In January 2007 the Helsinki Committee for Human Rights in Macedonia initiated a project which aimed to provide free legal assistance and representation to alleged victims of torture and ill-treatment. Cases of torture, ill-treatment and a death in custody were reported in which the Internal Control and Professional Standards Sector of the Ministry of the Interior had failed to conduct investigations according to internal procedures, domestic law, and international standards. In June NGOs raised concerns that the draft Law on the Public Prosecution Office failed to prescribe time-limits within which investigations, including into alleged torture and ill-treatment, should be conducted and the victims informed of the outcome.


On 15 February, the European Court of Human Rights held in the case of Pejrušan Jašar, a Macedonian national of Romani ethnic origin from Štip, that that there has been a violation of Article 3 of the European Convention on Human Rights (the right not to be subjected to torture or other ill-treatment) due to the failure of the authorities to conduct an effective investigation into the applicant’s allegations. Pejrušan Jašar alleged that he had been beaten during his detention in police custody in 1998, and that the authorities had failed to carry out an investigation into his complaint of ill-treatment. Macedonia was ordered to pay Pejrušan Jašar some 3,000 euros in non-pecuniary damages.


In February, the investigative judge appointed to investigate the death in custody of Sabri Asani - an ethnic Albanian arrested in 2000 in connection with the killing of three police officers on 1 January 2000 - reported that 20 witnesses had been examined in connection with his possible extra-judicial execution. The investigation opened in November 2005; no further progress was reported.


Discrimination against minorities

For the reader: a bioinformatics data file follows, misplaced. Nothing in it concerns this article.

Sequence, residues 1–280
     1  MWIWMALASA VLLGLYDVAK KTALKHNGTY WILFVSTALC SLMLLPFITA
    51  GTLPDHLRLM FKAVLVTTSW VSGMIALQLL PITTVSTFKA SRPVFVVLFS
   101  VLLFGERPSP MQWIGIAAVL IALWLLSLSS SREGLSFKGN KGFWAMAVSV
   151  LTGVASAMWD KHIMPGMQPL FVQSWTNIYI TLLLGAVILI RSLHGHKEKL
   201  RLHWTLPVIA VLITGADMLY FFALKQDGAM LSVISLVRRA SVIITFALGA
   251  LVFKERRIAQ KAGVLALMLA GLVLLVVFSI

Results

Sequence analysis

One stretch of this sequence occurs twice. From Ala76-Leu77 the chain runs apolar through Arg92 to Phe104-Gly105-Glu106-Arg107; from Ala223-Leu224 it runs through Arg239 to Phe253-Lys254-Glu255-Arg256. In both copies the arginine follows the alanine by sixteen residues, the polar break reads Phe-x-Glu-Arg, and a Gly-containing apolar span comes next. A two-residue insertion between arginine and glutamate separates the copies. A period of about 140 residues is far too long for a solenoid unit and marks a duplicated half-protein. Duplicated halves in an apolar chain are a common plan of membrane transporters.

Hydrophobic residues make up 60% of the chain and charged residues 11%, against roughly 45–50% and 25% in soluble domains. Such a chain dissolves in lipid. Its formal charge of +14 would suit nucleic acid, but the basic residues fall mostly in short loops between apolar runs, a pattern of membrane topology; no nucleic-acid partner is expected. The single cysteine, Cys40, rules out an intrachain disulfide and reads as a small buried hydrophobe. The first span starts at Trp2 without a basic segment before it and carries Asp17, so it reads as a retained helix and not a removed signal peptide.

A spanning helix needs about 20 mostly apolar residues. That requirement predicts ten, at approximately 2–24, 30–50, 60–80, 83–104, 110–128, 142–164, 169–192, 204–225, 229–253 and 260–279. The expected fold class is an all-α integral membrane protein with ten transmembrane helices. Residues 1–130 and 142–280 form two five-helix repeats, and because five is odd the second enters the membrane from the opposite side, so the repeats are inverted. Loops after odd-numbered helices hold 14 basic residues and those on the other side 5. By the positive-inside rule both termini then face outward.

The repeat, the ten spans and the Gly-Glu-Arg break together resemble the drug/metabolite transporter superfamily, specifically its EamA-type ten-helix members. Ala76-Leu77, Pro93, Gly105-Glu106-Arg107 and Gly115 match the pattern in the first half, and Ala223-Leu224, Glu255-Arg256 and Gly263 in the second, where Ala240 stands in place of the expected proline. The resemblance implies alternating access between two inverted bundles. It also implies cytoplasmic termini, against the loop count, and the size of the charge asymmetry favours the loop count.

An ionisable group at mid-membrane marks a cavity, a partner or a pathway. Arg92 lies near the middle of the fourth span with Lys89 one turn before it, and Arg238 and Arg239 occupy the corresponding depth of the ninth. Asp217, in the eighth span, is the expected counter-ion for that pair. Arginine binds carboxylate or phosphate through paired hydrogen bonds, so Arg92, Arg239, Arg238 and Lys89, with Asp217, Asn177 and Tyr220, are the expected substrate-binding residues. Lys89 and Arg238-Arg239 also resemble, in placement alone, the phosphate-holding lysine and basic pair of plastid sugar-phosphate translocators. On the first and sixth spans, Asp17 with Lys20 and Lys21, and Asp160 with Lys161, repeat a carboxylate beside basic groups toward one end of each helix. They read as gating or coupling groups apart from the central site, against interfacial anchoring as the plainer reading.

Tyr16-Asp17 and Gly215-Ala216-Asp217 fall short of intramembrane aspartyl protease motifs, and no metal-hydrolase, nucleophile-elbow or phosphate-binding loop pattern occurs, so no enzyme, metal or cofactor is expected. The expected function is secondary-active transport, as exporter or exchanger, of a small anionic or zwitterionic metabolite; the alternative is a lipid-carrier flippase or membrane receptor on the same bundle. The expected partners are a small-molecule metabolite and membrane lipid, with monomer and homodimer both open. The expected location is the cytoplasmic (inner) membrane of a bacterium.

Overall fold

On 23 February the Advisory Committee on the Framework Convention for the Protection of National Minorities adopted their opinion on Macedonia’s implementation of the convention by “the former Yugoslav Republic of Macedonia”. Their opinion had not been made public by the end of June. The authorities remained reluctant to consider a draft law on discrimination, proposed by NGOs.


In May, the UN Committee on the Elimination of Racial Discrimination (CERD) found Macedonia in breach of its obligations towards the Romani community in Macedonia, including with respect to citizenship, language; and access to documentation. Recognizing that many Roma were unable to access basic rights through a lack of documentation the CERD urged Macedonia to “remove all administrative obstacles that currently prevent Roma from obtaining personal documents that are necessary for the enjoyment of economic, social and cultural rights, such as employment, health care, social security and education”. The CERD also expressed concerns about the education of ethnic Albanian, ethnic Turkish children and Romani children, and urged Macedonia to address discrimination in employment against women, Roma and members of other ethnic minorities through the adoption of measures to combat discrimination in the workplace giving effect to the 2006 Law on Labour Relations.